The spatial coupling of GTPase activation to the dynamics of protrusion is exquisitely dependent on the balance and activities of their respective upstream regulators (18, 56). Indeed, our observations indicate an extremely tight spatiotemporal coordination of GTPase activation dynamics in macrophages. Unlike previous observations in fibroblasts, in which significant and broad regions of diffusive flux of activated Rac1/Cdc42 were noted (39), in macrophages Rac1 and Cdc42 activities are more tightly defined in spatiotemporal localization. The peaks of the cross-correlation at 0.65–1.3 μm appear to decay rapidly and result in insignificant correlations for Rac1 (Supplemental Fig. 3F) and much reduced but still significant correlations for Cdc42 (Supplemental Fig. 3G) within the adjacent measurement window at 1.3–1.9 μm away from the leading edge. The temporal positions of the decaying peaks move in the negative-lag direction (Rac1: +21s[4s 38s] at 0.65–1.3 μm and +7s[−9s 23s] at 1.3–1.9 μm; Cdc42: +3s[−7s 13s] at 0.65–1.3 μm and −4s[−14s 6s] at 1.3–1.9 μm). This suggests a diffusive flux of activated material from the 0.65–1.3-μm location moving backward in space to this shifted position (Supplemental Fig. 3F, 3G), similar to what was observed previously for these two GTPases in fibroblasts (39). However, unlike fibroblasts, these trends last only within this single adjacent window in macrophages (Supplemental Fig. 3F, 3G). The edge-population of Rac2 also goes through a rapid diffusive flux and decay in that region, similar to Rac1 and Cdc42, reaching nonsignificance already by the adjacent window position, and the peak position in time shifts also in the negative-lag direction (Rac2: from +8s[−3s 19s] at 0.65–1.3 μm to +2s[−10s 14s] at 1.3–1.9 μm; Supplemental Fig. 3A). In contrast, Rac2 activity at the distal region from the edge does not appear to shift in time lag as a function of distance away from the edge (Supplemental Fig. 3B), indicating that Rac2 activation is occurring in relatively broad regions away from the edge and is not susceptible to diffusive flux at these distal regions suggesting differential regulatory dynamics. These observations suggest that the spatiotemporal couplings of Rac1, Rac2, and Cdc42 activities to the protrusive edge motion in macrophages at the leading edge are much tighter compared with fibroblasts, where broader spatial and temporal decay patterns were observed (39). Thus, it is interesting to speculate that, through evolutionary mechanisms, macrophages that are required to mobilize quickly and home-in on signals to migrate and clear immunologic threats, have evolved a much tighter spatiotemporal regulation of these GTPases compared with other cell types including the fibroblasts.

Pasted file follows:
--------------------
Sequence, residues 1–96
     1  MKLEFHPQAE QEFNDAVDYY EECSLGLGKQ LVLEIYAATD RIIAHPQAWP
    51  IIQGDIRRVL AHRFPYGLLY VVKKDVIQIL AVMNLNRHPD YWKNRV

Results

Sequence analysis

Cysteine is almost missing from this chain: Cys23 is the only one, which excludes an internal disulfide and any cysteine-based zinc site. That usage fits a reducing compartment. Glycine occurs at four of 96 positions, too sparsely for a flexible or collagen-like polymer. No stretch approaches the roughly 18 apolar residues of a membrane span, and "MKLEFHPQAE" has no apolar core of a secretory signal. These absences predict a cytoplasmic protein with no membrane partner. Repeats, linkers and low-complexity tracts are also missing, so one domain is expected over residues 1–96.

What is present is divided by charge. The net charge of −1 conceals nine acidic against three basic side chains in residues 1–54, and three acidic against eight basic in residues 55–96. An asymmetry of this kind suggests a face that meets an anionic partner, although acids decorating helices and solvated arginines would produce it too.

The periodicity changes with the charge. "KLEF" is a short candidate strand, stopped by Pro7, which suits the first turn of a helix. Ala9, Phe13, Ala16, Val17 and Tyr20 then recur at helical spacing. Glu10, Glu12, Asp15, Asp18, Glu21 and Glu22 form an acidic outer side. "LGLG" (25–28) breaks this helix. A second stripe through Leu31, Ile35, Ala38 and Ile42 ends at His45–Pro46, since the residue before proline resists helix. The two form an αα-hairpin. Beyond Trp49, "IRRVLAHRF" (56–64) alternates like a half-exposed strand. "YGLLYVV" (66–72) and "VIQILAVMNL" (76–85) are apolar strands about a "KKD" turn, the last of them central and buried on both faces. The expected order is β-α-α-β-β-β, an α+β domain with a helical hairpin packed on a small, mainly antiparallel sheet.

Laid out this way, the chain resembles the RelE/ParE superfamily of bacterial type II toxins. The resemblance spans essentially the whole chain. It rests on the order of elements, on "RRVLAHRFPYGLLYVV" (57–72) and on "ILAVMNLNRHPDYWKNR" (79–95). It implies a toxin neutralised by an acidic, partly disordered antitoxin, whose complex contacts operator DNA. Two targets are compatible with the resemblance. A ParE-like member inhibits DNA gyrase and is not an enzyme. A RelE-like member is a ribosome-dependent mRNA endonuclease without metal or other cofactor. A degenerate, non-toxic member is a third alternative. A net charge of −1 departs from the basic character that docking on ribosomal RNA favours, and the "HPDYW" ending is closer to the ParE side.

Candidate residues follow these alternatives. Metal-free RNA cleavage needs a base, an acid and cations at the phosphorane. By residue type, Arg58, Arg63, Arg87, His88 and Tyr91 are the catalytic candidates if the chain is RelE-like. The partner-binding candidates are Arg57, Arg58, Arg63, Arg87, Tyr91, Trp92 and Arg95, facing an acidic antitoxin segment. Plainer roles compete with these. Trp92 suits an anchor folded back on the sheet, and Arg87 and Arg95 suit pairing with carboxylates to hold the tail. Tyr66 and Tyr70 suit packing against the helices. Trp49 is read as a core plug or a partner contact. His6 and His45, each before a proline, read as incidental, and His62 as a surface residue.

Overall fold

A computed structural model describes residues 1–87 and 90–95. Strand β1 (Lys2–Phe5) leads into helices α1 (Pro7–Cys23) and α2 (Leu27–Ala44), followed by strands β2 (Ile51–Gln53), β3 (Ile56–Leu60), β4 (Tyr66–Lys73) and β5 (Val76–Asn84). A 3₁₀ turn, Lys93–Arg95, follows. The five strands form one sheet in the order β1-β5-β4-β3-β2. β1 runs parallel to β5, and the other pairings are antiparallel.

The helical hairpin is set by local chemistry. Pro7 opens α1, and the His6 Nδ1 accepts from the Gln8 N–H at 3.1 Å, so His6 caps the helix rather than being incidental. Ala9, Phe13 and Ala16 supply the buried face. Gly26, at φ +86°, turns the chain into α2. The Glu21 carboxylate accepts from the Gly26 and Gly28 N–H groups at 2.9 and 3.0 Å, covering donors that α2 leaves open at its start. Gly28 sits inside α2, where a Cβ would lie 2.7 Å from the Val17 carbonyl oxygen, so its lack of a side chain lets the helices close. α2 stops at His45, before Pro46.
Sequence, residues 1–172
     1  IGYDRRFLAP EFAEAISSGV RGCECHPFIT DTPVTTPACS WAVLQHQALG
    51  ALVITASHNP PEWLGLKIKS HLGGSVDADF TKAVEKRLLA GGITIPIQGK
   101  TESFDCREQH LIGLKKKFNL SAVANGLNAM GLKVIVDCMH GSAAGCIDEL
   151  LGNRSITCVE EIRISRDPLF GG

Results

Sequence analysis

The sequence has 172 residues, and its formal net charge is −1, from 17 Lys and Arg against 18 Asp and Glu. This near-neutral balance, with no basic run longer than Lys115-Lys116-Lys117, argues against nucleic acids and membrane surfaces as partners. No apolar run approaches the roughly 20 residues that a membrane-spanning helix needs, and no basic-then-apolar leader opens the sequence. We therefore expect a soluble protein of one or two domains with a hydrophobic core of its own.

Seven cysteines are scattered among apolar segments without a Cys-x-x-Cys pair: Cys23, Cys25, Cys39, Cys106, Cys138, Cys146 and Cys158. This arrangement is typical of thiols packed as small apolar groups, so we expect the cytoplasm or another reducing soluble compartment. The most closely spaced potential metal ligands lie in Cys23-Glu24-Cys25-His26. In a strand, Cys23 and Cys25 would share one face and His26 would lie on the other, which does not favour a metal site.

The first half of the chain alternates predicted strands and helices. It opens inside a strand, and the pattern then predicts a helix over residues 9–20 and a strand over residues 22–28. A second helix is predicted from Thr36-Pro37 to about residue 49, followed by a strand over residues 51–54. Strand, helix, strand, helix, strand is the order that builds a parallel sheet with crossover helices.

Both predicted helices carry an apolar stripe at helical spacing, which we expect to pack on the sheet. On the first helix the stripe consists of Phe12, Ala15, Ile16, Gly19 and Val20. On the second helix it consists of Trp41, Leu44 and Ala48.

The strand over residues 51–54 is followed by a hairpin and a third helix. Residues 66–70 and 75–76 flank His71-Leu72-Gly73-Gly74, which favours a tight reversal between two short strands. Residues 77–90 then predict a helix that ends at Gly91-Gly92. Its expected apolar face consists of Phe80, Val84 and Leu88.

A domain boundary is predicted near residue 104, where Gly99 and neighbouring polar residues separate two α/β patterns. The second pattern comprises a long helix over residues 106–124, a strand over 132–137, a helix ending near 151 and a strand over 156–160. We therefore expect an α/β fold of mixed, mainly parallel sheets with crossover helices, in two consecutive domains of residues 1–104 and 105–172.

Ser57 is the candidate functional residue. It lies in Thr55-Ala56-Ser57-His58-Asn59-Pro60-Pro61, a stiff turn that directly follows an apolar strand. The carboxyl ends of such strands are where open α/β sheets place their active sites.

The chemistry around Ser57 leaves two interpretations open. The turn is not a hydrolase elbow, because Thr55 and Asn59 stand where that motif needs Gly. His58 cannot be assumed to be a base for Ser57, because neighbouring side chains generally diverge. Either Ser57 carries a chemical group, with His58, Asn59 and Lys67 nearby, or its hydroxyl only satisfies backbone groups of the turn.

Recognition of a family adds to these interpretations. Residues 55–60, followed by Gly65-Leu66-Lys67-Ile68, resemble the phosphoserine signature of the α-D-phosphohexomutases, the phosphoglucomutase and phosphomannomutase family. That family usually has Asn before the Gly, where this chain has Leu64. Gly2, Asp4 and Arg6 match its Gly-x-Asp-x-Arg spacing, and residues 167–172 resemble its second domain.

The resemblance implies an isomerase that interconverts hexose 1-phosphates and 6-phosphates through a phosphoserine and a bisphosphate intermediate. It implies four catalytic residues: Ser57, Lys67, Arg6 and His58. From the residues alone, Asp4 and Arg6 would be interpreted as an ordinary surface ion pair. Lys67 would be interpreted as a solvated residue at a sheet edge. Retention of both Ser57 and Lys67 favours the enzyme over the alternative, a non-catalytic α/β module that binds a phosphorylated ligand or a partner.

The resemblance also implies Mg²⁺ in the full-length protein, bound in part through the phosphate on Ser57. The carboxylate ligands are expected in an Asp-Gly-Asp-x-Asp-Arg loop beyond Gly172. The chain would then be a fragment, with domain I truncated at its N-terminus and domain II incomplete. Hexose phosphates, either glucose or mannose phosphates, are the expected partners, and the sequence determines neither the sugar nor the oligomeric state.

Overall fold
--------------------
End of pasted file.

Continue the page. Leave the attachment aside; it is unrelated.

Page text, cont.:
In previous studies using other cell types, we routinely expressed genetically encoded biosensors at 20–30% of the endogenous protein levels to minimize the possibility of overexpression effects (23, 25, 57). In this study, we established stable, inducible cell lines for Rac1, Rac2, and Cdc42 biosensors in RAW/LR5, at 20–30% (Rac2 and Cdc42), and up to 60% (Rac1) of the endogenous protein levels. To ascertain that the moderately elevated level of Rac1 biosensor expression compared with endogenous proteins did not impact cell protrusion dynamics, we quantified the edge protrusion rates compared with the parental RAW/LR5 expressing EGFP as a control (Supplemental Fig. 2B), and showed no significant difference in the measured protrusive periodicity. Furthermore, to ensure that different levels of biosensors in different cells do not influence the measured morphodynamic cross-correlations, we parsed our cross-correlation data sets for Rac1, Rac2, and Cdc42 as functions of the biosensor expression levels in individual cells analyzed (Supplemental Fig. 4). There was no observable correlation between the absolute biosensor expression levels in individual cells to the resulting edge cross-correlation peak positions measured from those cells (Supplemental Fig. 4). The range of biosensor expression levels among individual cells (between 4- and 7-fold difference in intensity levels, comparing the lowest to highest expressors analyzed; Fig. 4A) was similar to previously published work in which it also showed no specific dependence of morphodynamic correlation measurements on expression level variability (39).